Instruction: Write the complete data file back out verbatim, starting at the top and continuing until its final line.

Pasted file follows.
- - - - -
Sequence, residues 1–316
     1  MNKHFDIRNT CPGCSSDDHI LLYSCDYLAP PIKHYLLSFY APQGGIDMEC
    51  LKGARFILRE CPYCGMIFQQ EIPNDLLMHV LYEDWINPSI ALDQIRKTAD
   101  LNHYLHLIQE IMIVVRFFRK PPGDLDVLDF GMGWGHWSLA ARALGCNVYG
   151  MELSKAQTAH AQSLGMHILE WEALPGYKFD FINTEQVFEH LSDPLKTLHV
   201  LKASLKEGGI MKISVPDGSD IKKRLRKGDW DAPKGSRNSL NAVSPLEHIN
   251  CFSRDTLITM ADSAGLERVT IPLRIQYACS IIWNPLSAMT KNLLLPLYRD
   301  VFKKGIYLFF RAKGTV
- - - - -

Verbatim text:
Sequence, residues 1–316
     1  MNKHFDIRNT CPGCSSDDHI LLYSCDYLAP PIKHYLLSFY APQGGIDMEC
    51  LKGARFILRE CPYCGMIFQQ EIPNDLLMHV LYEDWINPSI ALDQIRKTAD
   101  LNHYLHLIQE IMIVVRFFRK PPGDLDVLDF GMGWGHWSLA ARALGCNVYG
   151  MELSKAQTAH AQSLGMHILE WEALPGYKFD FINTEQVFEH LSDPLKTLHV
   201  LKASLKEGGI MKISVPDGSD IKKRLRKGDW DAPKGSRNSL NAVSPLEHIN
   251  CFSRDTLITM ADSAGLERVT IPLRIQYACS IIWNPLSAMT KNLLLPLYRD
   301  VFKKGIYLFF RAKGTV